by Brian Hioe
Photo Credit: Gage Skidmore
COMMENTS BY Donald Trump about South Korea in context of nuclear and missile threats by North Korea and his recent meeting with Chinese president Xi Jinping should raise alarm in Taiwan. Namely, however darkly comical Trump’s words and actions sometimes are, Trump remains unpredictable and dangerous for Taiwan.
The possibility remains that Trump may unpredictably make moves to try and bargain away Taiwan. While some see Trump’s foreign policy actions as having become increasingly mainstream in nature, indicating that Trump is increasingly held in place by the institutional checks of the American state apparatus, if Trump were to attempt to move on his own to try and bargain away Taiwan, there is the possibility that public reaction will be positive.
The public may see this as Trump avoiding the catastrophic possibility of war with China and approve of this, in line with the fact that the American public seems generally approve of increasingly mainstream foreign policy moves by Trump. Indeed, there may be precedent for such a positive reaction in that the American public at large reacted quite badly to moves by Trump to try and bring America closer to Taiwan during his highly controversial phone call with Tsai Ing-Wen. And even if elements of the American state apparatus may seek to maintain America’s current relationship with Taiwan, there may be little that institutional checks or state actors can do if overall public response to bargaining away Taiwan in favor of what is perceived as a move to maintain peace with China is overwhelmingly positive.
Indeed, there is reason to suspect that Trump still does not grasp power relations within the Asia Pacific. After his meeting with Xi Jinping, for example, Trump claimed that he had learned from Xi that South Korea had once been part of China. Unsurprisingly, apart from this provoked much shock and anger from South Koreans, it is to be questioned where Trump got the idea. Korea was once a tributary state of China, but Korea has never been a part of China. At present, China wishes for Asia to fall in line behind its leadership, inclusive of South Korea. And although speculative claims that China will extend its direct territorial claims to include former tributary states as South Korea and Japan are sometimes raised, this seems unlikely in the near future.
Nevertheless, where Taiwan has reason to be afraid if that if Trump cannot even get the status of South Korea correct in regards to that South Korea is and never has been not a part of China, this should raise fears as to what his understanding of Taiwan’s much more complicated relation to China is. If Trump were to utter some random statement about Taiwan suggesting the validity of Chinese claims over Taiwan which would be widely reported on internationally, this would not only be deleterious of Taiwan’s attempts to assert its de facto independence in the international sphere despite the obscure nature of Taiwan’s peculiar international status, but this would embolden China greatly. China might take this as a sign that America was backing down from any commitments to Taiwan, for example, seeing as such a statement came from the American president who is, after all, commander-in-chief of the American military.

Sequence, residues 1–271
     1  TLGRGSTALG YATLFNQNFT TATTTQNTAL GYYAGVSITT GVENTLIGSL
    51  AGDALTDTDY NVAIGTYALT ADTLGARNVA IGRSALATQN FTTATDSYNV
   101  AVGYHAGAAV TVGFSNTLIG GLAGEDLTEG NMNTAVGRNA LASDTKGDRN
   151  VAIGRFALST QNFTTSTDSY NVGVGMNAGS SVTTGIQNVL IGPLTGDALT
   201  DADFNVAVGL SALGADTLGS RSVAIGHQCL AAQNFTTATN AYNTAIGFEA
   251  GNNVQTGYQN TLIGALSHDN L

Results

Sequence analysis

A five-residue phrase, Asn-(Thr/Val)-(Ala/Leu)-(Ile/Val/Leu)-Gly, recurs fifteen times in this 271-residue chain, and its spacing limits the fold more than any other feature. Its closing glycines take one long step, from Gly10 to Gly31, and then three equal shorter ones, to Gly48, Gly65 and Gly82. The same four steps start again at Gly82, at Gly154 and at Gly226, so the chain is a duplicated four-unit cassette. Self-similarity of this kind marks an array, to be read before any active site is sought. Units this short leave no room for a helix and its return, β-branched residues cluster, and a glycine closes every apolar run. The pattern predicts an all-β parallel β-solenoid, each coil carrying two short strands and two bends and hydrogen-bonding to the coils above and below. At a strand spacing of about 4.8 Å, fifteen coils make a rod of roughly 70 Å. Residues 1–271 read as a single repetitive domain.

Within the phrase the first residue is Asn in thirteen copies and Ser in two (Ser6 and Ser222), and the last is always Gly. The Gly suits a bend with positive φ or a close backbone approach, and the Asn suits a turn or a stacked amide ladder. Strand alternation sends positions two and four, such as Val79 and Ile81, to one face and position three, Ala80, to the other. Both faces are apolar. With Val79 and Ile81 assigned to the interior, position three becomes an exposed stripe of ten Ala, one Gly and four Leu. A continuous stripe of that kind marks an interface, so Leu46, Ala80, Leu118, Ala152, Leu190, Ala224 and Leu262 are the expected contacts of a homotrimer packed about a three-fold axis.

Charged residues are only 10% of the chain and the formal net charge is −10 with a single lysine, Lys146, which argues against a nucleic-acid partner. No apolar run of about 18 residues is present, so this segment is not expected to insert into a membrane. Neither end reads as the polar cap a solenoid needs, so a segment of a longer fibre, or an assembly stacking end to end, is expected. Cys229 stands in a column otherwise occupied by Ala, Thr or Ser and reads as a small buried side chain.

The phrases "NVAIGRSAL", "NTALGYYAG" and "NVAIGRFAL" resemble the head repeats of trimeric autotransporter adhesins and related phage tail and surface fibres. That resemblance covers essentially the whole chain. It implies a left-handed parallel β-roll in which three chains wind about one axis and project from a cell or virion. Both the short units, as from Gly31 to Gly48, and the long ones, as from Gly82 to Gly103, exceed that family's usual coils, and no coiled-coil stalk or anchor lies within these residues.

Likewise, the Trump administration’s handling of the possibility of a North Korean missile test should be cause for worry. After first claiming that it was ordering an “armada,” that is, a carrier strike group, towards North Korea, it was later found that the carrier in question, the USS Carl Vinson, was actually headed away from the Korean peninsula at the time. The Trump administration had lied outright about its actions with little compunction, never mind claims that the Trump administration is becoming increasingly predictable in its foreign policy moves. As with his prior statements about Korea’s historical relation to China, this provoked significant outrage in South Korea.
But apart from that this raises questions for Taiwan’s ability to have faith in any future promises by the Trump administration, which could simply be lies, this also demonstrates the large impact that mere words by the Trump administration which are not actually followed by action has in international affairs. The Trump administration’s words were taken at face value by international media, which had no way to confirm the movements of the USS Carl Vinson at the time, and this significantly ramped up tensions between America, China, and North Korea. State actors as China or North Korea probably cannot always sort out truth from lies with the Trump administration either, leading to the possibility of catastrophic misunderstandings between great powers that have permanent consequences. Either way, this just raises the chances that Taiwan may be caught in the middle of the crossfire.
Either way, one generally suspects that following such public outcry in South Korea regarding the Trump administration’s handling of North Korea, outrage from the South Korean public may put pressure on the South Korean government to shift away from dependency from America for security reassurances and towards reliance. This is also a possibility for other nation-states in the Asia Pacific which currently exist within the American sphere of influence, including Japan and Taiwan. We shall see. But in the meantime, many dangers still remain for Taiwan regarding the Trump administration.